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Saturday, 8 November 2014

Morning Walk At Venus Drive (08 Nov 2014)

It rained the night before and hence I was not able to go to Upper Seletar Reservoir as originally planned. I arose early the next morning to see if I can have an early start, but to my disappointment the sky is still drizzling. Not wanting to miss my weekly walk, I decided to take a risk and set off despite the overcast and drizzling sky. My heart lifted when I was at Venus Drive as the drizzle has stopped and the sun started to peak through the gray clouds. I have chosen Venus Drive for the obvious reason that the chances of finding beetle at Venus Drive after the rain is very much higher than the other locations.


The place was very wet and I decided to head straight towards the nearby elephant ear plants (Alocasia macrorrhiza) as this is one of the best place to look for beetle after a heavy rain.


As expected, I was able to find three different beetles under the leaves of the elephant ear plants. The first beetle was a bright orange Ladybird Beetle (Chiloorus circumdatus). There were several of them found under the large protective leaves of the plants.


Near to the Ladybird Beetle was a Weevil Beetle (Cerobates sexsulcatus).


On another leaf was a pair of Ant-like Flower Beetle (Anthelephila cyanea).


After combing through the usual grass mounds without finding any beetles, I decided to head straight into the Venus Drive trail. The first beetle was a Fungus Beetle on a drenched tree branch.


One tip for "beetling" on wet weather is to look under leaves and shaded branches. And sure enough, I found another Fungus Beetle (Eumorphus quadriguttatus quadriguttatus) hiding under a shaded vine.


Coming to the "clearing", I carefully searched under leaves of bushes and trees. My hard work paid off with the finding of a Ladybird Beetle (Illeis koebelei). The earlier rain was really heavy as can be seen from the wetness of the leaf, even though it is the underside of the leaf.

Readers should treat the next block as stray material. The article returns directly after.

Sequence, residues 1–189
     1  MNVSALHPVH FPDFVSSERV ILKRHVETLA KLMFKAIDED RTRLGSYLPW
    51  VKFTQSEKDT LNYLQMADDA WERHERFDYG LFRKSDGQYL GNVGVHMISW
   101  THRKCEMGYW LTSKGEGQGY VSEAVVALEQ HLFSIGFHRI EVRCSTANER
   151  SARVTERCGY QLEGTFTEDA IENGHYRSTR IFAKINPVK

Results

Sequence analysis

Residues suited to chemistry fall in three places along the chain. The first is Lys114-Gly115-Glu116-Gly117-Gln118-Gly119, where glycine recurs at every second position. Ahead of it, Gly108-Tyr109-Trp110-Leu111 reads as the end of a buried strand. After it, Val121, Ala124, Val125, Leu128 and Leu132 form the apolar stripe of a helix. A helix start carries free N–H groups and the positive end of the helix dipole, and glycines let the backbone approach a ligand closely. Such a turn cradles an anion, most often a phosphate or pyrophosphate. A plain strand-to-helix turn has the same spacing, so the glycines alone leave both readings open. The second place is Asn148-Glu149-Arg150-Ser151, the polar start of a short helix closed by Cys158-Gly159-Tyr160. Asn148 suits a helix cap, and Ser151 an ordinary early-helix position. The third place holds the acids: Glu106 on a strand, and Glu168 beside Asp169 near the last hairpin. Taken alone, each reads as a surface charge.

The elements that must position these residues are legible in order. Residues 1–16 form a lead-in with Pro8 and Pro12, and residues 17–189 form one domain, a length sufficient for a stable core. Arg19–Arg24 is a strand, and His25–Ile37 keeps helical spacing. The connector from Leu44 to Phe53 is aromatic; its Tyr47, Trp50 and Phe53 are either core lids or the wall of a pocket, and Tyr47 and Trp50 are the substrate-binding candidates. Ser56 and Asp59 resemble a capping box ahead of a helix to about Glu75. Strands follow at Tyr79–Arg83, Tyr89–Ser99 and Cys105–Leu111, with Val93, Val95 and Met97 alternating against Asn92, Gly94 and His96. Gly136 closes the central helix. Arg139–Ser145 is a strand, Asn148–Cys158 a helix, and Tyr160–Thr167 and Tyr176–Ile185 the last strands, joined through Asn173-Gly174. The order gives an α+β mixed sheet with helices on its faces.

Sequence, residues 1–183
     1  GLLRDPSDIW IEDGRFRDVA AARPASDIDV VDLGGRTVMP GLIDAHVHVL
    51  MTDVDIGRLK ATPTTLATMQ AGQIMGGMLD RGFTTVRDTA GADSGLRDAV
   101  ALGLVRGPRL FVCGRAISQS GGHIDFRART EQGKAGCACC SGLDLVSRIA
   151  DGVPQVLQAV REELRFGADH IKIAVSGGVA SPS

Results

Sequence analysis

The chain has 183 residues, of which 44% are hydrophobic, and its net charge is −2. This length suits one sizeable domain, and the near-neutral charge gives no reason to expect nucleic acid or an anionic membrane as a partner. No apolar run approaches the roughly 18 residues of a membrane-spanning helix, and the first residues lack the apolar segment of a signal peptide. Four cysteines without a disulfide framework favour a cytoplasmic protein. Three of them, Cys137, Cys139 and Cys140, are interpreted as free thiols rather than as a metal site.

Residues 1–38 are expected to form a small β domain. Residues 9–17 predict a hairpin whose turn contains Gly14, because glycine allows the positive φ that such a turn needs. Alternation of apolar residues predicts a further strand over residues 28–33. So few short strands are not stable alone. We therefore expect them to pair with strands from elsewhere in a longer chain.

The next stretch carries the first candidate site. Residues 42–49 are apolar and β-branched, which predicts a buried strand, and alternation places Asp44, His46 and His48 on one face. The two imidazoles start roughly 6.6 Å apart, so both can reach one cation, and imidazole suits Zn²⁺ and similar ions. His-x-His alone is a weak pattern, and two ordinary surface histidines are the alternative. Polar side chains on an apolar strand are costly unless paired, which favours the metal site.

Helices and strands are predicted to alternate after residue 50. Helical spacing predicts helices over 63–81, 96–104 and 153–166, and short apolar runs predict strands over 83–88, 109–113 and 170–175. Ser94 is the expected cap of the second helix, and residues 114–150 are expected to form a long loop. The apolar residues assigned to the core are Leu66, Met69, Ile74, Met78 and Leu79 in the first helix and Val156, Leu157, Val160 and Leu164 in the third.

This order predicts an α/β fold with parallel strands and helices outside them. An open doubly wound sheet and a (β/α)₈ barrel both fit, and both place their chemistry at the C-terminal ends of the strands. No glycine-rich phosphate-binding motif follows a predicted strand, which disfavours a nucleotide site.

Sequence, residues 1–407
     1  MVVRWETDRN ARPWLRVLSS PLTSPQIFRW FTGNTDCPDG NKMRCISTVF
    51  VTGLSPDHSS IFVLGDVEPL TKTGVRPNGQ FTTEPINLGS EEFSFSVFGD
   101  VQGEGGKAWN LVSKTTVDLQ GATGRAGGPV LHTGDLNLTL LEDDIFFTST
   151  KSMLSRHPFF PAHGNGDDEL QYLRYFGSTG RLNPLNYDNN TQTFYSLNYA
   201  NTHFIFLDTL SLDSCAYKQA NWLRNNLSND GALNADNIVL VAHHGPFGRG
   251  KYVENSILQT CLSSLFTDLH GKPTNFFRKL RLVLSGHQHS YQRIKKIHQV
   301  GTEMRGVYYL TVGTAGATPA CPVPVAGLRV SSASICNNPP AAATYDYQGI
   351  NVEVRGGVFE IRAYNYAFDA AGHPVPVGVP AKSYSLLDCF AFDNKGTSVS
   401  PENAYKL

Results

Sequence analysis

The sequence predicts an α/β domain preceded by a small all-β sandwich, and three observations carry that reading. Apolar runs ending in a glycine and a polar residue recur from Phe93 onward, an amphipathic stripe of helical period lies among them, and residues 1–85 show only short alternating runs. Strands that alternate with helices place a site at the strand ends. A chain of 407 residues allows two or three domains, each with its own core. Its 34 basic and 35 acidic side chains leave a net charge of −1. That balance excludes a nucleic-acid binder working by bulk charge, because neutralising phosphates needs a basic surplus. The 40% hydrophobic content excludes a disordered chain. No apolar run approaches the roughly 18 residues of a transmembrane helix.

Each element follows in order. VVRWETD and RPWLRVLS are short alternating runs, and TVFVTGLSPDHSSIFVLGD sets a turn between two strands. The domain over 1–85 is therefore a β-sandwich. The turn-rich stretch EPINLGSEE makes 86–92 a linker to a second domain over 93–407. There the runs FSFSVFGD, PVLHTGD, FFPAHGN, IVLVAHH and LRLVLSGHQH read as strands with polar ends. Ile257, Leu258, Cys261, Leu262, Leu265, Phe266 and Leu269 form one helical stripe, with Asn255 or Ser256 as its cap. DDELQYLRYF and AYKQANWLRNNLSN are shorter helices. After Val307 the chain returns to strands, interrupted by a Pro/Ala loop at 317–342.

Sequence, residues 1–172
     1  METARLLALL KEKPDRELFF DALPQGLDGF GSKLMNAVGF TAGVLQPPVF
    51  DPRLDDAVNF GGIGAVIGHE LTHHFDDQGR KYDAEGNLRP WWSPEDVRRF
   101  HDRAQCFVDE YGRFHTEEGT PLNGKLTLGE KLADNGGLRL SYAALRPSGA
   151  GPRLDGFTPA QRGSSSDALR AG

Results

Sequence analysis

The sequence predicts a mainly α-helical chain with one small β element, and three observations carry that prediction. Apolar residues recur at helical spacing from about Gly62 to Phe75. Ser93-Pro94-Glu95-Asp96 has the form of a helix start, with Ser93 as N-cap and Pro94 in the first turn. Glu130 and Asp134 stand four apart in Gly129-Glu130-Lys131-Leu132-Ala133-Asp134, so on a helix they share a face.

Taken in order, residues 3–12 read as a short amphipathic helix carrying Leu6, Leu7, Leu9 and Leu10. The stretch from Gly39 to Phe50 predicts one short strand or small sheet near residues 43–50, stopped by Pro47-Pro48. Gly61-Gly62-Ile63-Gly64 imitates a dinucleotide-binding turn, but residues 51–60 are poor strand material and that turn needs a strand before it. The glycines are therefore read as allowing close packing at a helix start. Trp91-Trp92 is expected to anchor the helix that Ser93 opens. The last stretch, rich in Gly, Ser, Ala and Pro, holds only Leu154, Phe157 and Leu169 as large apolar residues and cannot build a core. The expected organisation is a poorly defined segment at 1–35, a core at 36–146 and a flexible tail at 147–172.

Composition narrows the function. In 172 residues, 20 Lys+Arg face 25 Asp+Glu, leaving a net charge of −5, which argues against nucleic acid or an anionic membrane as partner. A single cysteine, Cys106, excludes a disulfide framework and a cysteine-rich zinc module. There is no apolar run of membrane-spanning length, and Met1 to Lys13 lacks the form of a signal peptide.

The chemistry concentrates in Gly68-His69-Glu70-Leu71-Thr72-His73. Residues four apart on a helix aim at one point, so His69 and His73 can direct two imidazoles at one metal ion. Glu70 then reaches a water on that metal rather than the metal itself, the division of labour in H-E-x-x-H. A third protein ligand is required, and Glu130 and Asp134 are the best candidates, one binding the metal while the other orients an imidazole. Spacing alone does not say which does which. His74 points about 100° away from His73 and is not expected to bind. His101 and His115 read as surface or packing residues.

Next to the Ladybird was a beetle larvae, which from its coloration and also its close proximity to the Illeis koebelei Ladybird, should be a Illeis koebelei Ladybird larvae.


Under the same leaf was my favorite white Ladybird Beetle.


Looking at the fallen logs at the "clearing", I managed to find several of this Fungus Beetle (Eumorphus assamensis). The wetness of the place can be seen from the drenched beetle and also the log that it was on.


Not many beetles were encountered at the "clearing" and so I decided to move on. While moving away from the "clearing", I was surprised to find this long antennae beetle (likely to be a Fungus Weevil) under a thick canopy of leaves. From the length of the antennae, it should be a male beetle.


At this point, I found a new clearing and it was surprisingly full of the white Ladybird Beetles and also this Leaf Beetle (Argopus brevis).


Among the low trees at the new clearing were several of this lovely metallic blue Leaf Beetles.


While I was photographing the Leaf Beetle, a Tiger Beetle (Neocollyris celebensis) landed a short distance away. I immediately tried to photograph it but was not too successful as I only able to take this photograph before it flew into the bushes.


Still at the new clearing, I managed to spot a 3 mm Weevil Beetle hiding in between the branches of a low bush. It started to move around after a few camera shots.